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How to reap the benefits of value-based reimbursement


It’s been said that the current value-based reimbursement environment is akin to the wild wild West with lots of different models attracting all sorts of pioneers, tempting them to embrace risk and seek greener reimbursement pastures.

It’s been said that the current value-based reimbursement environment is akin to the wild wild West with lots of different models attracting all sorts of pioneers, tempting them to embrace risk and seek greener reimbursement pastures.

Like any good analogy, this one holds a grain of truth: value-based reimbursement, in its various forms, represents a 180-degree shift in how organizations deliver and receive payment for care. Instead of being incentivized to run a lean, low-overhead business that emphasizes seeing as many patients as possible, providers are now being pushed to take on more risk, collaborate across care settings and welcome shared savings opportunities.


Further reading: Why are the 2016 presidential candidates ignoring healthcare?


Practices looking to reap the benefits of this new path must leave their old fee-for-service life behind and set a course for parts unknown. What this ultimately means for the healthcare industry is still unclear because it is early in the process, and everyone is just trying to figure out how to sort through the wide array of diverse options.

An essential-and underappreciated-part of the journey

As providers commit to pursuing risk-based arrangements, they often focus primarily on restructuring patient care processes to improve quality. Although this is a necessary and valuable strategy, there is another equally-if not more important-step that frequently gets overlooked: the need to accurately and consistently quantify the true costs of care.   

Next: Deciding right level of risk to take



Cost accounting-recording all the costs involved in creating a product or providing a service with the goal of enhancing performance and making informed decisions about risk-is a relatively new concept in healthcare, although it has been around for years. In fact, healthcare is one of the only industries that does not utilize cost accounting as a tool for reimagining processes. Manufacturing, for example, uses it to enhance productivity, evaluate profits by product, customer or job, maintain ideal inventory levels and assess the potential advantages of in-house operations versus outsourcing.


Navigating 2016's reimbursement challenges


Physician practices have not historically examined this amount of financial detail because the fee-for-service reimbursement model doesn’t take costs into consideration, but they should begin doing so now. This method can help determine the price of delivering patient care to certain populations and in particular settings. However, it is crucial to review claims data alongside the bigger picture of your practice’s cost data.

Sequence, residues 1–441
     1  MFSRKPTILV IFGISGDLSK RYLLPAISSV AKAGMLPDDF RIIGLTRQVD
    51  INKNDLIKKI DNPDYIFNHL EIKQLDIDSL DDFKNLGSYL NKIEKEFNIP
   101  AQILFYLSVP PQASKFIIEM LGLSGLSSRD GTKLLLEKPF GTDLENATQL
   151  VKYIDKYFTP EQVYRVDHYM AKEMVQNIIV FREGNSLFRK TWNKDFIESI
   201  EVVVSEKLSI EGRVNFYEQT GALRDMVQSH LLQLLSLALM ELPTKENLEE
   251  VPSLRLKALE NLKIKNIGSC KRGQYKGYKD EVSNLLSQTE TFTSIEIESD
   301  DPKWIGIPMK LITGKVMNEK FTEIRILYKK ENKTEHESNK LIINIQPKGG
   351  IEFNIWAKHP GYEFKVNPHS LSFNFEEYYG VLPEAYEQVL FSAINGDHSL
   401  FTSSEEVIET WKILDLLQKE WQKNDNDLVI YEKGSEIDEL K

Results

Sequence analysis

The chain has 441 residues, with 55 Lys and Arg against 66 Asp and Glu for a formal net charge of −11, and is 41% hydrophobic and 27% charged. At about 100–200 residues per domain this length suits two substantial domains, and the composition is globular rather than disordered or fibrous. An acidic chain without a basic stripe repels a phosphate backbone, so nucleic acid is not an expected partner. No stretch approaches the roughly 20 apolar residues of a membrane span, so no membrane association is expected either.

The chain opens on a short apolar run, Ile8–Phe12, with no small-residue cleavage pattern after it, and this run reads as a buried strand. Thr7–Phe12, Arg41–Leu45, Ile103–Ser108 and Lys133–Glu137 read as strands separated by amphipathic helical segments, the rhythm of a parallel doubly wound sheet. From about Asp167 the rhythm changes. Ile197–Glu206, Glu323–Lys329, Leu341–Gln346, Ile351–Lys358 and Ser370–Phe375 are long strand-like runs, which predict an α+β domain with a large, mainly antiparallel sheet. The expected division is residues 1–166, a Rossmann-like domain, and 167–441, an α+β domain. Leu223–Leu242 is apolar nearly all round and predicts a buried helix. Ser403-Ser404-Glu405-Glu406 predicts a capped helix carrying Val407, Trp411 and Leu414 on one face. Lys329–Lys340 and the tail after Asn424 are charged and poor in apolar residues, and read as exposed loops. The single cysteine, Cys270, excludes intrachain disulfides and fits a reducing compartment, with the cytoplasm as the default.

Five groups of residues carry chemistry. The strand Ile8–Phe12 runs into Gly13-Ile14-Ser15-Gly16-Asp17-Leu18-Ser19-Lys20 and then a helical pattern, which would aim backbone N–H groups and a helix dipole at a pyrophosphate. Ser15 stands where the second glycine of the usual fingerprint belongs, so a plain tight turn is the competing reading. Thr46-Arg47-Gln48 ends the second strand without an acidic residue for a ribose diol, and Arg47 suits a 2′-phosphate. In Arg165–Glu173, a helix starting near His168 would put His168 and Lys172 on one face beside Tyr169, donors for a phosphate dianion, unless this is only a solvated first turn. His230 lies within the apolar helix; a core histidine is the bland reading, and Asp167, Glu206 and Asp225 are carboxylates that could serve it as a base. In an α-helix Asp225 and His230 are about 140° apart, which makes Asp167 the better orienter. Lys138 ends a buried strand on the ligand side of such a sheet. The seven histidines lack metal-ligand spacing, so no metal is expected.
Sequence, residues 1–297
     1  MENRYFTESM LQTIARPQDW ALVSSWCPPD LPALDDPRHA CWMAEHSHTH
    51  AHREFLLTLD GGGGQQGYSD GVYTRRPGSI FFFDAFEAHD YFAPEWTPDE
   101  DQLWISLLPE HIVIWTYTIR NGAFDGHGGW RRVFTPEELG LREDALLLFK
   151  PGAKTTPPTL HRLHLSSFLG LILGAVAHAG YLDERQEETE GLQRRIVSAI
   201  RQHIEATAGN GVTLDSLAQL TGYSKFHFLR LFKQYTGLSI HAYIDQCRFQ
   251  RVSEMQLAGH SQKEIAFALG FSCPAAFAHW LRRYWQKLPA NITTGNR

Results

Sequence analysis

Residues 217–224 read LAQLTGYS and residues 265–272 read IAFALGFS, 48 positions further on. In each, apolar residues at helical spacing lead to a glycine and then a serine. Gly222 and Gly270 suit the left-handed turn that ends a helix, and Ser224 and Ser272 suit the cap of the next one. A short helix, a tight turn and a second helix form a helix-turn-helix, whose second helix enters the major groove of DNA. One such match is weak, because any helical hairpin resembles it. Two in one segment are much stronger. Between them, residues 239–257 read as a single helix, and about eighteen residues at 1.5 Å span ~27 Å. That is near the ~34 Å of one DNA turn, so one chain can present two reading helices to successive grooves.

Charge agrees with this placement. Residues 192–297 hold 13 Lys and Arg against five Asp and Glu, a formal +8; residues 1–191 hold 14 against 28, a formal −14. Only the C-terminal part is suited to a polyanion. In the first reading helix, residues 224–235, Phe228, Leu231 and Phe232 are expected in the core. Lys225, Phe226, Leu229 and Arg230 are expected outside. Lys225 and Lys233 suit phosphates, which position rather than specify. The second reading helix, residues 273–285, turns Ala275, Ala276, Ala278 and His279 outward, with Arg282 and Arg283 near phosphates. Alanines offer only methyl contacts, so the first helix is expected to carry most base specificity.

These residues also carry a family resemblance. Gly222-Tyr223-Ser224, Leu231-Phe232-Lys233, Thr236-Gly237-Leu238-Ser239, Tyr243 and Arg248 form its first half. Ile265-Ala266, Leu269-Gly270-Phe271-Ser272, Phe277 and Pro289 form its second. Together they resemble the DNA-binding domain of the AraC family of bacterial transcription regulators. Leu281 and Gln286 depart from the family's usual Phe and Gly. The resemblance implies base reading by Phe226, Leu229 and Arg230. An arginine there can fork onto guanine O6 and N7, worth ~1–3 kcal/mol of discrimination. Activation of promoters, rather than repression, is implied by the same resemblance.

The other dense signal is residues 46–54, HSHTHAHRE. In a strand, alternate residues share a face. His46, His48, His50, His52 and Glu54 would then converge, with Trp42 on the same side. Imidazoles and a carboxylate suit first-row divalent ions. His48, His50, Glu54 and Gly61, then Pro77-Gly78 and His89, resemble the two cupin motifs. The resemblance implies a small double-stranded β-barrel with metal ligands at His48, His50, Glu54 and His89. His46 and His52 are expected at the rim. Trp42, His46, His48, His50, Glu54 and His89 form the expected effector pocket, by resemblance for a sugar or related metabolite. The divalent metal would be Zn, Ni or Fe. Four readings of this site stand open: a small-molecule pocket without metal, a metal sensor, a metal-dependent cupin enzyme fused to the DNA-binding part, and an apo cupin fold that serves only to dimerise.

Without robust cost accounting, providers will struggle to negotiate risk-based contracts successfully and identify the best methods for cultivating value. For example, if a practice doesn’t know how much it costs to provide treatment and services, how can it establish appropriate reimbursement? How can it decide on the right level of risk to undertake?

Next: Challenges and where to go from here


The challenges with getting a handle on costs

Realizing the need for cost accounting is just the first step. Healthcare organizations must also work to reliably and regularly access data that can inform the cost accounting process. Such information includes data about utilization, time spent with patients, use of resources, claims, clinical protocols and so on.


Advance your practice finances by improving claim rates


Until now, healthcare information technology has not facilitated smooth access to these various kinds of data, meaning that practces must gather and interpret the information on their own. This can be time consuming and resource intensive; however, technology and service are evolving. In the not-so-distant future, there will be technologies that can bring healthcare organizations the data they require in a useable and meaningful format.

Where to go from here

Even though healthcare organizations’ ability to engage in true cost accounting is still evolving, there are strategies you can follow to get started on capturing reliable cost information.

First, look closely at the value-based models you are participating in or thinking about pursuing. What are the costs associated with treating these patients? For example, what resources are used? How much time does it take? What percentage of your patients follow a similar course and how many outliers are present? What are the costs involved in treating average patients versus those that fall outside the norm?

Next: Acknowledging the need


To get answers to these questions, practices should examine claims data, utilization information, clinical protocols and time and motion studies. If this seems like a daunting prospect, perhaps start with one or two patients to develop the methodology. From there, expand and apply it to other patients, and even other population groups, at a later time.  

Acknowledging the need

As an industry, we must appreciate the significance of robust cost accounting in order to adopt risk-based models. Without it, we will never completely leave fee-for service behind. To advance from the wild wild west to a more established frontier, healthcare providers must commit to uncovering and interpreting this level of financial detail and start finding ways to effectively and accurately quantify the cost of care.

About the author

Monte Sandler is the executive vice president of RCM services at NextGen Healthcare.



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